On 1 March 2018, Mr Raban Alou was sentenced by the Supreme Court of NSW in Parramatta to 44 years’ imprisonment, with a non-parole period of 33 years, for abetting, counselling or procuring the commission of a terrorist act. Mr Alou sourced and supplied the handgun which was used to shoot dead NSW Police accountant Mr Curtis Cheng as he left Parramatta Police Headquarters in 2015.
The unlawful killing of Mr Cheng was an act of terrorism. The prosecution of Mr Alou was the first time a Criminal Code offence linked to a completed act of terrorism had come before a sentencing court in Australia.
On 2 October 2015, the then 20-year-old Mr Alou met the 15-year-old Mr Farhad Mohammad at the Parramatta Mosque. During the course of the day, the two men spent close to three hours together before they both entered the female-only prayer hall within the Mosque where Mr Alou handed Mr Mohammad a .38 Smith & Wesson revolver. Shortly thereafter Mr Mohammad walked the short distance to Parramatta Police Headquarters where he used the handgun to shoot Mr Cheng before he was himself shot dead by two special constables from NSW Police.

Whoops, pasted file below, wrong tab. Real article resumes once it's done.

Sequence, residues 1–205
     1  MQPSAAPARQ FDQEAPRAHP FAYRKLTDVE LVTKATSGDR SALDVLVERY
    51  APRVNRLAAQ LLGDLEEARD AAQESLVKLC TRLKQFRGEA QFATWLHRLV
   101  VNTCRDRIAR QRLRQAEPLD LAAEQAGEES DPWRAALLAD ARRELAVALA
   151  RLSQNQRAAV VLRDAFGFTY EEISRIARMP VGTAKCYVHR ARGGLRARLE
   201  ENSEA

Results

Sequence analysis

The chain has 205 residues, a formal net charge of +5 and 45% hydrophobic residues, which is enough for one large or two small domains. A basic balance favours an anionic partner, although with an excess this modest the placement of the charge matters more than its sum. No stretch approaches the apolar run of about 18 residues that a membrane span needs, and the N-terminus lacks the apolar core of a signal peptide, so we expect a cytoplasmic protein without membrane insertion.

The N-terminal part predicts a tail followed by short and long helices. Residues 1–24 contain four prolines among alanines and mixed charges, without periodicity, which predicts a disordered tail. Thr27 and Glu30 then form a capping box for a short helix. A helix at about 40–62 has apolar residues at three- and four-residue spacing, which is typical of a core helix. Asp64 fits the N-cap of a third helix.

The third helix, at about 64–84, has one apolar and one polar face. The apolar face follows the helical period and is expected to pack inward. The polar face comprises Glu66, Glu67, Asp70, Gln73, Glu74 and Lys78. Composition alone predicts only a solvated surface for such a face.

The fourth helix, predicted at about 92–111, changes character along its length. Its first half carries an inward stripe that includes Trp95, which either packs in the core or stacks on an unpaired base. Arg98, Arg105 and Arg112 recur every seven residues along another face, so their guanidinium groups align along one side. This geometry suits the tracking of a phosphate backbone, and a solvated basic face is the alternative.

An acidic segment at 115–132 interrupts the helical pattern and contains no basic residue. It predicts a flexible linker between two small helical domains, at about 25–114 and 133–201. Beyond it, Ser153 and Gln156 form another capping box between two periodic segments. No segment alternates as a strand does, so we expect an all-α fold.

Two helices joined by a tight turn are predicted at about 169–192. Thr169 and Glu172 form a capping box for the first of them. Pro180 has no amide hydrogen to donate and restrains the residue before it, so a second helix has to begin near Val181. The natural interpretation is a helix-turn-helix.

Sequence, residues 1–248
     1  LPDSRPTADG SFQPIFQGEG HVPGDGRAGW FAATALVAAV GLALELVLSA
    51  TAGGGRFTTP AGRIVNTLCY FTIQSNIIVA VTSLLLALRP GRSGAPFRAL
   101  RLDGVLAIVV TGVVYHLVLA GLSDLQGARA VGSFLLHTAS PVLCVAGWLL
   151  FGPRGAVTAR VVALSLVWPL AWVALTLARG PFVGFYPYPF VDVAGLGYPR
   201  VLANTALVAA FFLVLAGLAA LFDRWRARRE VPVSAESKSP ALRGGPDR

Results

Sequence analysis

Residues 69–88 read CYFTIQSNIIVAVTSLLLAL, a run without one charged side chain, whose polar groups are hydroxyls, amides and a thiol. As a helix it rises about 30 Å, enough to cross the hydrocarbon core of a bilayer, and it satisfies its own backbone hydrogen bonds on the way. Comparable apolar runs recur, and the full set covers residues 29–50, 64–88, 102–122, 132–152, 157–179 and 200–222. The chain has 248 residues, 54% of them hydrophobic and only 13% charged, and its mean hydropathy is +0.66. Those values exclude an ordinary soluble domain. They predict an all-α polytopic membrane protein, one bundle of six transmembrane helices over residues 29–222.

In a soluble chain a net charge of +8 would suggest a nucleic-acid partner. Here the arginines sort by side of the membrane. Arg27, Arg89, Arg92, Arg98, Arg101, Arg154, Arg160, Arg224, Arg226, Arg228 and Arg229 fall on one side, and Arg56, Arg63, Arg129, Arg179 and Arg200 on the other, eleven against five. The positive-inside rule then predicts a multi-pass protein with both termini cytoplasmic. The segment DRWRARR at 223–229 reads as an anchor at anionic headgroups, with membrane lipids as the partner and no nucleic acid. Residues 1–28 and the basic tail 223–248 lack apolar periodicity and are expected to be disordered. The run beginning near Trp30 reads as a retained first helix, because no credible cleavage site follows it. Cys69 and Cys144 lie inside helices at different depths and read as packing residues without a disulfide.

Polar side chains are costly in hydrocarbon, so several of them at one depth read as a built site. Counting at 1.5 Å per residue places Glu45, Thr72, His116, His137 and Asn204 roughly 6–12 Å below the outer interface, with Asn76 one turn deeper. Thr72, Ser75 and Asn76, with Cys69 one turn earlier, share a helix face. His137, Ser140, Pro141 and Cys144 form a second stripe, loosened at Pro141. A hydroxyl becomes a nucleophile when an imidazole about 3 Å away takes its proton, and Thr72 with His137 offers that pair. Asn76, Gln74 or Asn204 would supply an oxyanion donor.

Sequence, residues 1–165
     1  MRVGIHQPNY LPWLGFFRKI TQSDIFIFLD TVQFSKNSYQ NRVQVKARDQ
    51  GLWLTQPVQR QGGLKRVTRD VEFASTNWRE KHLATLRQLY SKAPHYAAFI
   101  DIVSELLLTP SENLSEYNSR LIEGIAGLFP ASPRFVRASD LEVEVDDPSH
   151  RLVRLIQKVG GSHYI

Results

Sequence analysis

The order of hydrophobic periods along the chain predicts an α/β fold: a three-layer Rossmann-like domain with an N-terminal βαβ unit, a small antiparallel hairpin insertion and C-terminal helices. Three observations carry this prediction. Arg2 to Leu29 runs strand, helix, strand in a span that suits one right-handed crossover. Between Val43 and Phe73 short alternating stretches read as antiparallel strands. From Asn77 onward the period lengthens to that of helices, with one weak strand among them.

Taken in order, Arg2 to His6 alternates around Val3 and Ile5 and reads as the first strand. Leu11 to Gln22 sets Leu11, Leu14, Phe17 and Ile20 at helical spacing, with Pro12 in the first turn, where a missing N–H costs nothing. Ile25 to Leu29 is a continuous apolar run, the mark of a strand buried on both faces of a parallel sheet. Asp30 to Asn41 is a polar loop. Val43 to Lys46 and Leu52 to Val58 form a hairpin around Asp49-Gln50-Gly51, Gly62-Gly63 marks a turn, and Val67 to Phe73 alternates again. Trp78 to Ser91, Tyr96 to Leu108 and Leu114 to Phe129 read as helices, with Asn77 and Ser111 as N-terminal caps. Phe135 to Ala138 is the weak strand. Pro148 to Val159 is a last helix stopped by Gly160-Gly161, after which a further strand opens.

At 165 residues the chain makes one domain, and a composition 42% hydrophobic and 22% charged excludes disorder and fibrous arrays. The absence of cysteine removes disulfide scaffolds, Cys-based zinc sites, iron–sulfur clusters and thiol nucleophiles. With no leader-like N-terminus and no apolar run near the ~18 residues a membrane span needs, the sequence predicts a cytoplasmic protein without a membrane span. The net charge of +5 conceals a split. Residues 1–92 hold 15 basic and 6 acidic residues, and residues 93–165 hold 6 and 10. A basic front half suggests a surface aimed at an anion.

The police investigation of Mr Alou took place as part of Operation Peqin-Fellows. As a result of this investigation, a number of other person were also charged with various Commonwealth terrorism offences and NSW firearm offences.
On 1 March 2018, Mr Alou was sentenced to 44 years’ imprisonment with a non-parole period of 33 years, in relation to:
- One count of aiding, abetting, counselling or procuring the commission of a terrorist act by Farhad Mohammad contrary to section 101.1 with section 11.2(1) of the Criminal Code (Cth).
Mr Alou will not be eligible for parole until 2048.
For the purpose of section 105A.23 of the Criminal Code (Cth), the Court warned Mr Alou that an application may be made for a continuing detention order requiring him to be detained in a prison after the end of his sentence for the offence.
In passing sentence, Justice Johnson said that Mr Alou was an active planner and participant in the offence and that “the Offender’s involvement placed him next to the killer himself, both temporally and in his acts which assisted the crime. Unless the Offender had obtained the firearm and provided it to Farhad Mohammad, this crime could not have been committed”.
Justice Johnson said Mr Alou had shown no contrition or remorse throughout the entire proceedings, and that his prospects of rehabilitation and de-radicalisation were grim. He said his behaviour “contrasted with strength, courage, humanity, decency and dignity of the Chen family in their response to this random act of homicidal violence which has struck their family.”
Read the full judgment on this matter.